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Making Dallas Even Better

Leading Off (5/18/16)

Protesters crash Farmers Branch city council meeting. About 200 protestors gathered at the Farmers Branch city hall last night to calling for justice over the death of Jose Cruz, a teenager shot dead by an off-duty police officer in March. The protestors were asking that the city pay for Cruz’s funeral bills instead of putting money toward the officer’s defense as he faces a murder charge. Mayor Bob Phelps slipped past the crowd, later saying, “I don’t have anything to do with it.”

Dallas police can’t find enough new recruits. The department has had to cancel two academy classes due to low attendance. The lack of interest might have something to do with the city’s low salary, which is $10,000 to $15,000 under what is offered in surrounding departments.

Man (almost) cleared of murder after 19 years in prison. Tarrant inmate John Nolley was freed yesterday after nearly two decades behind bars. The Innocence Project has been investigating his conviction for ten years, finding that DNA evidence in the Bedford murder case did not come from Nolley. Nolley has yet to be fully exonerated, but his defense team expects to wrap up all legal issues within a few months.

Dallas County leaves first responders in the lurch. Dallas County sherriff’s deputies’ and firefighters’ county-issued credit cards were getting declined at the fuel pump in February due to nonpyament. The county’s first responders had to dig in their own pockets to fill up for a few days. NBC Investigates has the story.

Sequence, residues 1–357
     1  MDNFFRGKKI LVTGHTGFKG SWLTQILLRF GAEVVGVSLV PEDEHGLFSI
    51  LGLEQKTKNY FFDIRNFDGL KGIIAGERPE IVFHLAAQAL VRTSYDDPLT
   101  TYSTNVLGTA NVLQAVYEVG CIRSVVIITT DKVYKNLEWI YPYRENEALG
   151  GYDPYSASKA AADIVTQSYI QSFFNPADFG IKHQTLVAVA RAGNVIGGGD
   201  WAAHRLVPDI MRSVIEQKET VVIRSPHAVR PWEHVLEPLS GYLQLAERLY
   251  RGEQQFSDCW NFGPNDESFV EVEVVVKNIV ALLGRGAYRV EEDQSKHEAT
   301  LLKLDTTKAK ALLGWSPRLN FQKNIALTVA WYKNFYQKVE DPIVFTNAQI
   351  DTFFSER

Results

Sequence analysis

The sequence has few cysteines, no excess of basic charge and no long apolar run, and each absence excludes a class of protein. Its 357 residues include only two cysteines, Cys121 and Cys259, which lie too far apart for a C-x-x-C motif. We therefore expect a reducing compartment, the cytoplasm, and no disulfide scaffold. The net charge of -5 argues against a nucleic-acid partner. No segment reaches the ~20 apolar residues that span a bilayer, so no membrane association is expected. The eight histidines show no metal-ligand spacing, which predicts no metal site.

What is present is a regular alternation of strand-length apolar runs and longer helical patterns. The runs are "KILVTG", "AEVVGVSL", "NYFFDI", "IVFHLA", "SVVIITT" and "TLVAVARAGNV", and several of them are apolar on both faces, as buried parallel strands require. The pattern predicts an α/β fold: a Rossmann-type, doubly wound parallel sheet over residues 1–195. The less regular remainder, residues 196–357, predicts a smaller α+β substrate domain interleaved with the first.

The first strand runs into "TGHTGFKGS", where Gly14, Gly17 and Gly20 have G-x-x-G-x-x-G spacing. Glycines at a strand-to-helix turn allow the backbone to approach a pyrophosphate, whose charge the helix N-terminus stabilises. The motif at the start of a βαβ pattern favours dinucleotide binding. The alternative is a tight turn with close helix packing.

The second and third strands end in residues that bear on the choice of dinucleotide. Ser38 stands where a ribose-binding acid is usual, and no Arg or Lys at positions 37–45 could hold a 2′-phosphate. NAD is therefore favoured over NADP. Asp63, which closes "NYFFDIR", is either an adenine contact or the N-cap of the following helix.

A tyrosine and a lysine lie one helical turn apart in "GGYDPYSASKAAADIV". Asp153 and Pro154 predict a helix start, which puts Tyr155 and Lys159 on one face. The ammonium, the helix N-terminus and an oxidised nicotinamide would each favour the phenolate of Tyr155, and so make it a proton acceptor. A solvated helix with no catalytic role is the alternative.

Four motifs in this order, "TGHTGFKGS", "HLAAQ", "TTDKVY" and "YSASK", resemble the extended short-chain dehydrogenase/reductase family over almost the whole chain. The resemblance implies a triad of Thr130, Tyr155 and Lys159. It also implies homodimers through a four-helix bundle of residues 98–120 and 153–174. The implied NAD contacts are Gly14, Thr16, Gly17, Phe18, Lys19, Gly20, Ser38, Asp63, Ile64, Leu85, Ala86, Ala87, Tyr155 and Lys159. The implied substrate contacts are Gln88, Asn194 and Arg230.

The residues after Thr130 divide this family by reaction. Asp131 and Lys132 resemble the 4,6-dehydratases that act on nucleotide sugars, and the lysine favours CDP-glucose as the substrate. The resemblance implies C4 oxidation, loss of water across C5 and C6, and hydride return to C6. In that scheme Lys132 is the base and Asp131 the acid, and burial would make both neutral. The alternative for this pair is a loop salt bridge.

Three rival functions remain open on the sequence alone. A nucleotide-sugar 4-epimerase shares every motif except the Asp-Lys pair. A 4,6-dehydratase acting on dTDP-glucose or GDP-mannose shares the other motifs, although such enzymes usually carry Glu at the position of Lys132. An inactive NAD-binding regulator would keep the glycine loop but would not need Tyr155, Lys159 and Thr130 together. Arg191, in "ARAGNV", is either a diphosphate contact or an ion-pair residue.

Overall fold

Odor is going on time out for a while. Do we push people? Nooo. Do we punch people? Nooo. Do we make potentially-fibula-snapping slides into second to break up a double play? Noooooooooo. This is the convo I had with my kid when he caught coverage of the now-infamous Rangers brawl. And it’s essentially what MLB said to the coaches and players while handing out punishments yesterday. Bautista’s nasty slide earned him a one-game suspension. Rougned Odor got hit the hardest with an eight-game suspension, though the 22-year-old will continue playing as he appeals the decision. Rangers say they have Odor’s back 100-percent. The Frisco RoughRiders are showing their solidarity by selling Rougie’s Red PUNCH, an adult bevy made of fruit punch, an energy drink, and “a secret ingredient from Odor’s native Venezuela.”

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Leading Off (5/13/16)

Dallas ISD to Cut Jobs. A proposed budget for 2016-2017 would eliminate about 260 positions to offset a $24 million drop in revenue (most of that reduction is due to a decrease in state revenue.) DISD is aiming to have a balanced budget of about $1.42 billion developed by the end of June. The plan would also give stipends to high-performing teachers who haven’t had their pay increased for the current school year. Most district hourly workers would meanwhile receive 2-percent raises.